Movies that truly scare me
When I was a kid, the old Universal monsters – Dracula, Frankenstein, the Mummy, the Phantom of the Opera, and the Wolfman scared the beejeezus out of me. Imagine sitting in a dark old house, my father in the middle of the couch, my brothers and I are on either side of him, a blanket around us all, close to midnight and our eyes fixed on the television. A woman pulls the mask off a hideously deformed man playing the organ, his face first visible to us (scare one), then he turns to her, (scare two), and finally the camera closes in on the creature as he turns to the woman in full. This was Phantom of the Opera (1925), the first silent film I had ever seen.
Sitting in an Egyptian tomb, a young scientist speaks aloud words from Sacred Scrolls bringing a long dead mummy back to life. We see the eyes gleam with light and the centuries-old mummy moves, coming across the room to retrieve the scrolls and walks into the desert night. The young scientist’s mind cannot handle what he has seen and he begins to laugh, babbling insanely, “He went for a little walk! He went for a little walk!” It was the single most frightening sequence in The Mummy (1932).
Most terrifying of all was Larry Talbot seeing what he dreads most, the full moon. He collapses into a chair and before our eyes, the man becomes The Wolfman, the stuff of many nightmares.
These were the Friday nights of my childhood, off to bed at seven, awakened by my Dad at 11:15 to watch Fright Night Theatre on WKBW out of Buffalo. No doubt this was the place my lifelong obsession for all things cinema was born.
As I grew, I studied the history of film, the development and tried to see everything I could. Genres evolved, and my beloved horror films went through the greatest change. By the time I was a teenager, though, I knew that mummies coming to life, vampires and werewolves did not exist. They were borne of the supernatural tales out of Europe and early America.
In 1960, a truly terrifying monster was unleashed on unsuspecting audiences in Alfred Hitchcock’s Psycho (1960). This was one scary film, mostly because it is plausible. Unassuming, decent looking young boy next door is a serial killer! How often have we heard this on the news? Realism scares me. Authentic portrayals of terrifying events scare the h*** out of me.
Devil worship in Rosemary’s Baby (1968), demonic possession in The Exorcist (1973), a killer Great White shark feasting on bathers in Jaws (1975), a seemingly superhuman killer in Hallowe’en (1978) – these are the kind of films that scare me.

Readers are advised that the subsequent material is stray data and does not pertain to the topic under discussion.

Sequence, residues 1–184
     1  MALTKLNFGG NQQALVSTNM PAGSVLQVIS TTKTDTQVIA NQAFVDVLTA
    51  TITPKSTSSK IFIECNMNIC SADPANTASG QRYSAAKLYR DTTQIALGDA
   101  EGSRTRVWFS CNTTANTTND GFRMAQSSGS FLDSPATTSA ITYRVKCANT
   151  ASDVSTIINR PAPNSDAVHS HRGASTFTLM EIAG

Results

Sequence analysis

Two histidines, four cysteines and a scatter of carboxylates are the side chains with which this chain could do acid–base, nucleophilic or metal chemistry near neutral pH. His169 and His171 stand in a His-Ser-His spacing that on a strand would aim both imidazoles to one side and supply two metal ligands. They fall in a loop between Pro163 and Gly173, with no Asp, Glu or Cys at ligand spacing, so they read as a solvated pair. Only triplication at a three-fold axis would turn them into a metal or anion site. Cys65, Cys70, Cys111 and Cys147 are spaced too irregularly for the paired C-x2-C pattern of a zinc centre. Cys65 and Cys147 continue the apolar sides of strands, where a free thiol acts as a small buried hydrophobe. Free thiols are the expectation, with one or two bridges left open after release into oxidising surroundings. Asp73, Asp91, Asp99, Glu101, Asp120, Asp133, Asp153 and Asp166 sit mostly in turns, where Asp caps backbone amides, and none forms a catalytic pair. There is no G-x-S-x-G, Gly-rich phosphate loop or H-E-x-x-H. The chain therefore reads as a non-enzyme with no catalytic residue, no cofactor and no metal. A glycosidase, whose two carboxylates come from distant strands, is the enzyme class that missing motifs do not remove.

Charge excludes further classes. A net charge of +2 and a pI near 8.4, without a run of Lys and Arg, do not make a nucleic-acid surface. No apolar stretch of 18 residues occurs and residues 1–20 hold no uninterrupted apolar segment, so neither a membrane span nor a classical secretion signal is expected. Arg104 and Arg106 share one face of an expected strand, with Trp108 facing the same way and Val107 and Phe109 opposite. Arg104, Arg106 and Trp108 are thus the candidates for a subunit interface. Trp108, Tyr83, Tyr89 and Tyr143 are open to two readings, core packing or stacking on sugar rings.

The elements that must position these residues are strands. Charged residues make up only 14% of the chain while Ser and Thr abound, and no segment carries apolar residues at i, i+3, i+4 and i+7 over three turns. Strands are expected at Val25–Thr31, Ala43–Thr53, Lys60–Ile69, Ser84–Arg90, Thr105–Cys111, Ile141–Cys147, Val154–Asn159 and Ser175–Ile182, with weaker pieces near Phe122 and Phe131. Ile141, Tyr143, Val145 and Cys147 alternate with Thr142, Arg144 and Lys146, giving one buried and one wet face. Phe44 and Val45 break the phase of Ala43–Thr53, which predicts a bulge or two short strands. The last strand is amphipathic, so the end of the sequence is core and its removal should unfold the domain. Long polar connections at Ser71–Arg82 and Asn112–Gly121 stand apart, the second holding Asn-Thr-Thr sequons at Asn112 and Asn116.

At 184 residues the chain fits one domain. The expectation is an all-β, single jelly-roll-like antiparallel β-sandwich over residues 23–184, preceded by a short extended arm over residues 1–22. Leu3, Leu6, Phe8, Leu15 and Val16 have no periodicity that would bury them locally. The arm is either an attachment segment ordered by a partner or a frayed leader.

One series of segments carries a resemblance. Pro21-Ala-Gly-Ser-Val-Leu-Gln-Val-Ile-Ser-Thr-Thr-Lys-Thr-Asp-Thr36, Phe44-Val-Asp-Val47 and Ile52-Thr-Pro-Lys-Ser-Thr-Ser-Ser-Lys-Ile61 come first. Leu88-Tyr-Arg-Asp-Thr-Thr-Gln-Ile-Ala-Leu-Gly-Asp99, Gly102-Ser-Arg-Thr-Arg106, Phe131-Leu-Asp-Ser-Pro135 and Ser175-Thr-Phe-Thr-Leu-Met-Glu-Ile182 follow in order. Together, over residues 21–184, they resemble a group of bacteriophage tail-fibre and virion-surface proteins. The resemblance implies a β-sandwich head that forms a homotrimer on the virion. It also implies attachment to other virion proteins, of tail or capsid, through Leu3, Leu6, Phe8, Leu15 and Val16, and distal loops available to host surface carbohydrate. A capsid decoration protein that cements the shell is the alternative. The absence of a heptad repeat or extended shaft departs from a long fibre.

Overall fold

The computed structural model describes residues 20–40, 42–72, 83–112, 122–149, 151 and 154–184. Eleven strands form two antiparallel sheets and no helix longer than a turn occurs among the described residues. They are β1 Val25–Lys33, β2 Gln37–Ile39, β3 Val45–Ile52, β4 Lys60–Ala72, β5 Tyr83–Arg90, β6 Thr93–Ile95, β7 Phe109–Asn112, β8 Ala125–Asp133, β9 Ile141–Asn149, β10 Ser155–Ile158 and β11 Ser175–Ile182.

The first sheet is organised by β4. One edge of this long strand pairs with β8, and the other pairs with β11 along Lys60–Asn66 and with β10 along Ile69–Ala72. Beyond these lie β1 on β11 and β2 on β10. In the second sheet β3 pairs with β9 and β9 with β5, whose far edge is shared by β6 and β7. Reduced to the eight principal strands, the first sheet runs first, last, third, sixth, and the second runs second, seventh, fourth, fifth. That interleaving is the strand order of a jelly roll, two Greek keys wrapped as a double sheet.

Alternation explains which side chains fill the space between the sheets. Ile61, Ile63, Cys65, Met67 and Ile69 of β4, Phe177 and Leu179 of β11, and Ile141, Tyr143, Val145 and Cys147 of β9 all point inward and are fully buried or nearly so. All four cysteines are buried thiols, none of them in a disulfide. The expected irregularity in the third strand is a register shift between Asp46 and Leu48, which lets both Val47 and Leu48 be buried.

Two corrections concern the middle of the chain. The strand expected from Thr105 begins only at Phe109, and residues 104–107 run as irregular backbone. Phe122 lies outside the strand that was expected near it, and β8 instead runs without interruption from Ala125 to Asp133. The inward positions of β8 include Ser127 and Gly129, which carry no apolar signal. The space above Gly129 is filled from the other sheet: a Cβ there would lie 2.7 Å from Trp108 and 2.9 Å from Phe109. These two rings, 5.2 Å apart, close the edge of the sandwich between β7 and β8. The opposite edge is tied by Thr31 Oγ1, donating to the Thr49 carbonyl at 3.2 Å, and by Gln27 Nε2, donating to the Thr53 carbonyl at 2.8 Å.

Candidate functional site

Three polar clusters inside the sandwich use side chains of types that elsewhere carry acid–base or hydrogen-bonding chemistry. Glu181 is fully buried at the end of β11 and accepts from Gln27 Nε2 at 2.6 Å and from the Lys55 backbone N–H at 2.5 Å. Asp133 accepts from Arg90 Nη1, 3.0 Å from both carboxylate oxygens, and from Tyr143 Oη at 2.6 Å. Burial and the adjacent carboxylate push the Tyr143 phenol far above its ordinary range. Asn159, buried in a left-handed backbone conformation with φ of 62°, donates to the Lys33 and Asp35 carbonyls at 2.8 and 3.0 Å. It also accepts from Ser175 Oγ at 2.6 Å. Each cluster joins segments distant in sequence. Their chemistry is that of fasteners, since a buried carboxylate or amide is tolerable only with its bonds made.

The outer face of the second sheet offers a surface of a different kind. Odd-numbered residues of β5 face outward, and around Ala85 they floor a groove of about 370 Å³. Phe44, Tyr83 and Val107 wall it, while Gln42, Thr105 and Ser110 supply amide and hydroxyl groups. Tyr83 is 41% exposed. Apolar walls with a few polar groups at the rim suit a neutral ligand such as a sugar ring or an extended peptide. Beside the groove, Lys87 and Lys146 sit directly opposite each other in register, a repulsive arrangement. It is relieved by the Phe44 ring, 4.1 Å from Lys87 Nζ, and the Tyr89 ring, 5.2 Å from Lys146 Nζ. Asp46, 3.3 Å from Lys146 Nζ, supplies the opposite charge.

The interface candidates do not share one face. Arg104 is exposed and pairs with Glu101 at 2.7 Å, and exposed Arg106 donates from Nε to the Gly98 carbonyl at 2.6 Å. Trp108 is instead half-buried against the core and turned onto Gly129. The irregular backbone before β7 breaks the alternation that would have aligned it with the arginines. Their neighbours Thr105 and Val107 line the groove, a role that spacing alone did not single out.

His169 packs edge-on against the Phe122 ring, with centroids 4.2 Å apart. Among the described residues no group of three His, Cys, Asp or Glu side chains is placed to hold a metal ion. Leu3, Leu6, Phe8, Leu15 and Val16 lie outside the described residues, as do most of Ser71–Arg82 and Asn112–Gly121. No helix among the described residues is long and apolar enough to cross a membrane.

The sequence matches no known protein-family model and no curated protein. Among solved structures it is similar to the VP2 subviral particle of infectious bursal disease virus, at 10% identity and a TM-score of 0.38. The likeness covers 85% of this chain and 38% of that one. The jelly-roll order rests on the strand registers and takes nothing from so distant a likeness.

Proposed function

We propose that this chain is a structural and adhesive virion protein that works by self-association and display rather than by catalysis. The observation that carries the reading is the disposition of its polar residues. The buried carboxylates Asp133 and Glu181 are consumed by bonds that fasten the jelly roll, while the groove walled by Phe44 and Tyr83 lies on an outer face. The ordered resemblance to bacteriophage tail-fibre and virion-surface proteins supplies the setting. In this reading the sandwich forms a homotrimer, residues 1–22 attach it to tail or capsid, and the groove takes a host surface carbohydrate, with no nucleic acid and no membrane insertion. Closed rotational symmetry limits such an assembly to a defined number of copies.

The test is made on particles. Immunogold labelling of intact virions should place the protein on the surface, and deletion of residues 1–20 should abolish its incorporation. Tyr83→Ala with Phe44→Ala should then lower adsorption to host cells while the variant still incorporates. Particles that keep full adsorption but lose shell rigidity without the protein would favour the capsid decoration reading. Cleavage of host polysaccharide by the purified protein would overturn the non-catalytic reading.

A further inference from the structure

And still, film makers upped the ante. Hannibal Lecter in The Silence of the Lambs (1991), John Doe in Seven (1995) – they scare me because they are real possibilities. Brilliant monsters capable of terrible acts of violence, they are both horrifying. Something happening to helpless children, women or the elderly scares me. Serial killers such as Kevin in the terrifying We Need to Talk About Kevin (2011) scare me because we hear of them snapping at Columbine or Parkland. They exist, they walk among us, their own parents do not suspect the madness building.
Vicious aliens (because I believe in them) scare me too, especially in Under the Skin (2015), Annihilation (2017) and A Quiet Place (2017) – they all cause absolute raging terror within me. I personally believe that other planets far from us are inhabited and centuries ago they were regular visitors to Earth, but they stopped coming. Why? Did they see the cruel, inhuman acts man was capable of? Perhaps. If they should ever return, can you imagine their intellect, having found us? Their weaponry could be terrifying.
Religion as a cult, as a theocracy both scares and worries me. The Crucible (1996), because it actually happened, frightens me, perhaps more because it has happened since 1692 with McCarthyism in the fairies. Religion as theocracy is dangerous as history has proven, that scares me.
Most of all, mankind itself terrifies me, so films about man’s vile behaviour to one another will always and forever scare the heck out of me. Think of the line “terminate with extreme prejudice” to gain insight into man. Watch Schindler’s List (1993) to experience true horror. Nothing supernatural, just a deep, hate-driven madness causing unspeakable horror. A little girl in a red dress, moving naively through the chaos of the Jewish ghetto, later to turn up dead, on a wagon. THAT, above any type of horror film, was truly terrifying.